The Ehrhard's based themselves in Devon Valley for a year in 1995. A German investor commissioned Carl to investigate opportunities in South Africa and other New World regions, and although no projects resulted, the Ehrhard's loved the country and made some good friends. Appropriately, they have consolidated their global experiences on their wine label, which bears a compass design. As much of their wine is made for the German domestic market – which demands drier rather than dessert styles – the Ehrhard's produce only Kabinett, Spätlese and Auslese styles of Riesling. The other 10% of their production results in a palatable Pinot Noir.
Bright orange, green and blue denotes styles on their easy-to-read labels. The entry level orange-label Rüdesheimer Riesling QbA Trocken 2000 offers dry, spritzy freshness with pineapple elements. The green-label denotes Spätlese; the Rüdesheimer Berg Roseneck vineyard in a Riesling Spätlese Trocken 2000 shows sweet, crisp pineapple, mineral and peardrops. Another green-label 2000 is Rüdesheimer Berg Rottland Spätlese Trocken. With stronger mineral element, it reveals Riesling's diverse – yet related – flavours emanating from various sites, but the styles are all modern and fresh.
Next up is the Rheinhessen region – Weingut Keller in Flörsheim-Dalsheim. It's a village near Worms in the southeast, after the Rhine meanders south at Mainz. This may be the mass-production Liebfraumilch region, but small producers like Weingut Keller are pushing the quality end. Klaus-Peter Keller, 27, has a soft spot for South Africa after spending time at his uncle Achim von Arnim's Cabrière Estate in 1992. He doesn't have his uncle's flamboyance, but they share a passion for Pinot Noir. After spending time in Burgundy, Keller has adopted some canopy management, suckering techniques and yield reductions (as low as 25hl/ha) learnt there. Introducing small new oak barriques is another Burgundian spin-off. It obviously helped, as the winery's flagship Spätburgunder Felix took third place after Burgundian Premier and Grand Crus in a 1997 competition. The Spätburgunder Felix Reserve 1998 offers gorgeous blackcurrant and prune concentration and ripe, mouthfilling structure. Small parcels of 25-year-old vines are whole-bunch fermented, the cap is plunged, and only natural yeasts are used for this wine.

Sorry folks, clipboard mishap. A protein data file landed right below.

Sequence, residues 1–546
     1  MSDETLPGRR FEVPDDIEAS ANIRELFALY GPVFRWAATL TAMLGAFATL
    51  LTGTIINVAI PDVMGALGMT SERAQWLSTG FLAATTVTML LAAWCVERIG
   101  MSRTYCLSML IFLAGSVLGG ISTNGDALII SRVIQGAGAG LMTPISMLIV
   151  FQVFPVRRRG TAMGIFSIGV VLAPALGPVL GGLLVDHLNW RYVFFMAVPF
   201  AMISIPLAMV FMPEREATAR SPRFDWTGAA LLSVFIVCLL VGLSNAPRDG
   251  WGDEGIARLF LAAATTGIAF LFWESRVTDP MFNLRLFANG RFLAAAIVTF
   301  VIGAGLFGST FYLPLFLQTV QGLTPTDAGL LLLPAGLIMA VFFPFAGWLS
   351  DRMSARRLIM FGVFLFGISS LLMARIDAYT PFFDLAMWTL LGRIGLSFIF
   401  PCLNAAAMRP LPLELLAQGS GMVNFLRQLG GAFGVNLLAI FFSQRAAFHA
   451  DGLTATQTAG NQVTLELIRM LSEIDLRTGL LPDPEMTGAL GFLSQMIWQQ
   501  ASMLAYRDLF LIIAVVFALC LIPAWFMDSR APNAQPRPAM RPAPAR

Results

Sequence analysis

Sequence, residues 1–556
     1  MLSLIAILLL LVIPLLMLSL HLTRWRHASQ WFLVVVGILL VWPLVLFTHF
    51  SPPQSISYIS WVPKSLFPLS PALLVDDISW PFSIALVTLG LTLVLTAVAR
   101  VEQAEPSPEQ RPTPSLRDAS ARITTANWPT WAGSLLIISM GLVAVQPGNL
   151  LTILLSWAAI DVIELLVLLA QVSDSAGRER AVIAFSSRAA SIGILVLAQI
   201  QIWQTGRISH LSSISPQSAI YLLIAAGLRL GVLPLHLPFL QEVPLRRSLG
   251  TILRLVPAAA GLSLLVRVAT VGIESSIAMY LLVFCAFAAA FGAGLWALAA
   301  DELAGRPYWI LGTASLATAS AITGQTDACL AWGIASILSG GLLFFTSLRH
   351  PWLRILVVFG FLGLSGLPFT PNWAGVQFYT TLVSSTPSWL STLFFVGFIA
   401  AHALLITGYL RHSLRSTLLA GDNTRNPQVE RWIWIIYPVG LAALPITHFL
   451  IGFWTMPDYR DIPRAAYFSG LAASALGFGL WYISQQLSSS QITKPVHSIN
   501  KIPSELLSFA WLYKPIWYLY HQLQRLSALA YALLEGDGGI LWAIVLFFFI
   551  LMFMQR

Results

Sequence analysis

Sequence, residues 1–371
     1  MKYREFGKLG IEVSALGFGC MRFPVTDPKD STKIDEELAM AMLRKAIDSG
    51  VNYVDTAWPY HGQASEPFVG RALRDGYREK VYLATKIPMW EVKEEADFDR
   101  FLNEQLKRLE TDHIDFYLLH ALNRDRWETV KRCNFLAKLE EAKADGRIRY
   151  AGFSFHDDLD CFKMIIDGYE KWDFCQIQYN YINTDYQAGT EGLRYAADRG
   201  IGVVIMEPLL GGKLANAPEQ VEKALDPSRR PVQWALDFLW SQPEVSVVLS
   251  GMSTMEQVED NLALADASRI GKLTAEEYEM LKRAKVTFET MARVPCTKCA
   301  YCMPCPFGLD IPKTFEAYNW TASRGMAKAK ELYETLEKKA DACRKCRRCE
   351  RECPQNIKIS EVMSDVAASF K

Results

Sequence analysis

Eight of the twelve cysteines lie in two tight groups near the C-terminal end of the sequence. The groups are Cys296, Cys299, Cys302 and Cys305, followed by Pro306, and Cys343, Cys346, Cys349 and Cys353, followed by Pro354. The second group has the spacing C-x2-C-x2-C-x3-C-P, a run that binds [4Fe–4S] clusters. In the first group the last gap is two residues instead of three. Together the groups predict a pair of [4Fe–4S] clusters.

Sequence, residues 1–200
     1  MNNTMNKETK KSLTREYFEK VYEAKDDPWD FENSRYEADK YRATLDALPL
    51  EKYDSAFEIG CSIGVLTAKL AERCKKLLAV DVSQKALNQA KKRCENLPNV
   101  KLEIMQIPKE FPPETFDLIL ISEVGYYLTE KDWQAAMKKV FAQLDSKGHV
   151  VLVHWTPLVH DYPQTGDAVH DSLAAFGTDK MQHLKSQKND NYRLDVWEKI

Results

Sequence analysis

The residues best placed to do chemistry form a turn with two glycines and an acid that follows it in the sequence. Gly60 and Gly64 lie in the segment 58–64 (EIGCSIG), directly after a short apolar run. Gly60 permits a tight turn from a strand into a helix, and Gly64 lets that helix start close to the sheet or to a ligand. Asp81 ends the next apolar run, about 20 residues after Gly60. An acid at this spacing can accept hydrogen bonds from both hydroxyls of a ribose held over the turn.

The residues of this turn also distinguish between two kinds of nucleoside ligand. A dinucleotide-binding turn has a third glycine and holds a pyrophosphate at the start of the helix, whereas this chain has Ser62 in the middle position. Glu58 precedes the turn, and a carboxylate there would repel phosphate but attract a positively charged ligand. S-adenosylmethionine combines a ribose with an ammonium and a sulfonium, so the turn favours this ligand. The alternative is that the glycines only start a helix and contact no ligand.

The winery also produces sublime Rieslings. In fact dad, Klaus, put Rheinhessen Riesling on the map. It's probably why their flagship Riesling fetches a steep DM125 (R630).
The Pfalz may be one of the largest producing regions, offering traditional varieties like Müller-Thurgau and Sylvaner, and showing its neighbour Alsace's stylistic influence in Pinot Gris and Riesling. Yet it's increasingly known for innovation, where experimental winemaking and warmer temperatures sees even Chardonnay and Cabernet Sauvignon creeping in. Stefan Dorst is adding flair at Weingut Friedrich Becker in Schweigen-Rechtenbach, near Landau. South Africans may know him as the winemaker at Laibach in Stellenbosch.